A drug has been found that is shown to reliably restore brain function that was previously damaged by multiple sclerosis — in human patients. The study gives hope that remyelination is possible. Details come to us from a paper published on Oct. 10, 2017 in The Lancet.
Researchers at the University of California San Francisco (UCSF) tested clemastine fumarate, an antihistimine that was first approved by the U.S. Food and Drug Administration (FDA) in 1977 for allergies, which has been available over the counter in generic form (known to most as Dayhist or Tavist) since 1993. What they found surprised them. Study participants who had long suffered from optic neuritis experienced a measurable improvement in their vision.
“[T]his is the first randomised controlled trial to document efficacy of a remyelinating drug for the treatment of chronic demyelinating injury in multiple sclerosis. Our findings suggest that myelin repair can be achieved even following prolonged damage.”
In the patients in our trial, the disease had gone on for years, but we still saw strong evidence of repair.
It’s not a cure, but it’s a first step towards restoring brain function to the millions who are affected by this chronic, debilitating disease.” said the trial’s principal investigator, Ari Green, MD — Debbie and Andy Rachleff Distinguished Professor of Neurology, chief of the Division of Neuroinflammation and Glial Biology, and medical director of the UCSF Multiple Sclerosis and Neuroinflammation Center.
The researchers enrolled patients with RRMS who suffered from optic neuritis whose visual-evoked potentials (VEPs) reflected pre-existing deficits in neural transmission. The researchers showed patterns on a screen to participants and used electrodes to gauge how long it took for the signal be detected. The time from pattern presentation to the detection of the VEP is a measurement of how long it took for the signal to travel via nerve fibers from the retina to the visual areas at the back of the brain.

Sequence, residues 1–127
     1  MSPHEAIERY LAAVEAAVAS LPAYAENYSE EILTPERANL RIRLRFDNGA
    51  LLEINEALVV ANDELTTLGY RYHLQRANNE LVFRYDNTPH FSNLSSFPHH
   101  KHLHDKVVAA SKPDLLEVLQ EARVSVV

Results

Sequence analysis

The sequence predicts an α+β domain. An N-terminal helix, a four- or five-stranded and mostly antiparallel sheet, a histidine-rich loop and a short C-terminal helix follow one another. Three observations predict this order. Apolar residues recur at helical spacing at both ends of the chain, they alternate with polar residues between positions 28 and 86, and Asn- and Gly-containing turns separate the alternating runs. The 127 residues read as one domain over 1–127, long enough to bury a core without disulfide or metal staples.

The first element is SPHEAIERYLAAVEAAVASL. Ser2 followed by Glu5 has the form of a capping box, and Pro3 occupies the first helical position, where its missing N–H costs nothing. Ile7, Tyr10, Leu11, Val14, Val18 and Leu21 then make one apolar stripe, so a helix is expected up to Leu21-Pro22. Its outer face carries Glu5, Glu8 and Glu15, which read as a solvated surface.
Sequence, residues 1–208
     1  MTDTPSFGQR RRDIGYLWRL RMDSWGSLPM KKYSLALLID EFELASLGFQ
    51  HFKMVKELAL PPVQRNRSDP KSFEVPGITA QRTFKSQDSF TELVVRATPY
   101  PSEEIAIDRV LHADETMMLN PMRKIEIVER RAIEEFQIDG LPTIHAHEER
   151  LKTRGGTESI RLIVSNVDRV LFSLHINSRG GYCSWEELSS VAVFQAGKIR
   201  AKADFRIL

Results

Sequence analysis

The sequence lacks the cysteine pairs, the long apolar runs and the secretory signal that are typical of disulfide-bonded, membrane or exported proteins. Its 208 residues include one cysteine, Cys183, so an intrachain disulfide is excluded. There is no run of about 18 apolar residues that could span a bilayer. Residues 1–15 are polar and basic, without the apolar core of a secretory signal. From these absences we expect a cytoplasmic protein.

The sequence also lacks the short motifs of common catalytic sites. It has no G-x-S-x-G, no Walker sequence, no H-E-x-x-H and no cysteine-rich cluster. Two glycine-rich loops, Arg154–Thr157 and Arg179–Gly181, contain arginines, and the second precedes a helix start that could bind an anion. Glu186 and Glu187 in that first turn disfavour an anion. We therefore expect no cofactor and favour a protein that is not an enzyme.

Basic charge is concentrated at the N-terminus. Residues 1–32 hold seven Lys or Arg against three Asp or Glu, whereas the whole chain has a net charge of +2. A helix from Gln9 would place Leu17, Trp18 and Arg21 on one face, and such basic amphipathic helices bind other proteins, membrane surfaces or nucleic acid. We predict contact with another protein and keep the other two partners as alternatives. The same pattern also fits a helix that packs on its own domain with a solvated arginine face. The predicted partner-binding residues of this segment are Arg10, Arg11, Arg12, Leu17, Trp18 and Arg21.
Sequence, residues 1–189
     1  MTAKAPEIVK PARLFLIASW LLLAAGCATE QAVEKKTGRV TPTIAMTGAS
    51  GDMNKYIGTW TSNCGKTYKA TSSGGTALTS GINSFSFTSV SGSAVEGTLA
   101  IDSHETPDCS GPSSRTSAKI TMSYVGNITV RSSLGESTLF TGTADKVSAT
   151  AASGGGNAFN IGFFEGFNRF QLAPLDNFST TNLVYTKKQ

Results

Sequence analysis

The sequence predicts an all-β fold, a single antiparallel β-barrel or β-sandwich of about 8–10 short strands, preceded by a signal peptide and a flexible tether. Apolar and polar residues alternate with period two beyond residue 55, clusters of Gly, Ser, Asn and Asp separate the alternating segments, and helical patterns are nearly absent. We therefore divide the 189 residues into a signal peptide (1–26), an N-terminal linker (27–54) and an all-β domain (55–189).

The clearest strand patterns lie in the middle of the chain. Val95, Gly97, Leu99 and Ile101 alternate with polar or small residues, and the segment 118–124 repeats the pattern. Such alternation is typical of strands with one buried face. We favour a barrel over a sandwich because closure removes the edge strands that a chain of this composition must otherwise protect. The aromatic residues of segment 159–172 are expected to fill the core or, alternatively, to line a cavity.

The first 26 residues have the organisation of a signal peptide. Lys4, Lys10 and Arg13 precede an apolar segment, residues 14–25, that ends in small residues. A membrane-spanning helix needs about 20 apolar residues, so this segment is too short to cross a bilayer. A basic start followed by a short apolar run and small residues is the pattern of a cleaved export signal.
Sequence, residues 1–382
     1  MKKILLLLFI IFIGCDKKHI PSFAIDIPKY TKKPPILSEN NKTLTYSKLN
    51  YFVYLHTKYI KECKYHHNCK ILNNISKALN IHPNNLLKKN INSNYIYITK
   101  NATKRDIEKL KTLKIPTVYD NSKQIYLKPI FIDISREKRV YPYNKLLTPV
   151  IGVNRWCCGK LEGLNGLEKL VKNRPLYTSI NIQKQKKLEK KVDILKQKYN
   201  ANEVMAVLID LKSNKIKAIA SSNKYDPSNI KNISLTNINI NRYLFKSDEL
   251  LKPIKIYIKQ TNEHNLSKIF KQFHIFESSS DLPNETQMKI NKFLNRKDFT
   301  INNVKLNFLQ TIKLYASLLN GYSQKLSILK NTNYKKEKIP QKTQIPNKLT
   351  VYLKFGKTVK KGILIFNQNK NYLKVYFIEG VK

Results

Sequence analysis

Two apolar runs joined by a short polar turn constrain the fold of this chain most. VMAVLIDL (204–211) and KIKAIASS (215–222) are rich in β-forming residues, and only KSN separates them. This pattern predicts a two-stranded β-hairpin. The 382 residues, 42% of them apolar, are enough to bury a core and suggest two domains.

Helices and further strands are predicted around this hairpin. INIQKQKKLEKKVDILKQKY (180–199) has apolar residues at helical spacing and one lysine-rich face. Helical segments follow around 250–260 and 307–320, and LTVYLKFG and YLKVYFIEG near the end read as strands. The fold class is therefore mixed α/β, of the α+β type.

During the periods when each group was taking the drug (at a dose of 5.36 mg orally twice daily), the neural signal from the eye to the back of the brain was much faster than the baseline measurements taken at the beginning of the study. The effect persisted in the group that had switched to placebo, suggesting that durable repair of myelin had been induced by the drug.
The researchers used a “crossover” design which gave them the ability to compare patients to themselves – a form of control that increases the statistical power of the study by nearly an order of magnitude.
The only noted side effect was fatigue.
Should folks with RRMS start taking 5.36 mg of clemastine fumarate, twice a day for 90 days? Probably not — and definitely not without a physician’s oversight. The maximum recommended dosage for the medication is 2.68mg, three times daily, and this protocol exceeds that.
“This is the first step in a long process,” Green said. “By no means do we want to suggest that this is a cure-all. We want to ground-truth myelination metrics – we’re designing the crucible that’s going to be used to test any future method for detecting remyelination.”
At the time of writing this article, clemastine fumarate 2.68 mg, 100 tablets can be found online for $69.99 plus shipping, putting the cost of the protocol at less than $3 a day. With RRMS disease modifying drugs running more than $65,000/year or $179/day (and Congress launching a probe into why these drugs are only increasing in cost), it’s anyone’s guess how much this therapy may cost once the FDA approves it for our use.
You may also enjoy reading other articles by Rachael: 5 Ways To Make Your Home MS Friendly, Having The Best Sex Possible With Multiple Sclerosis and Cinnamon Helps To Suppress Symptoms.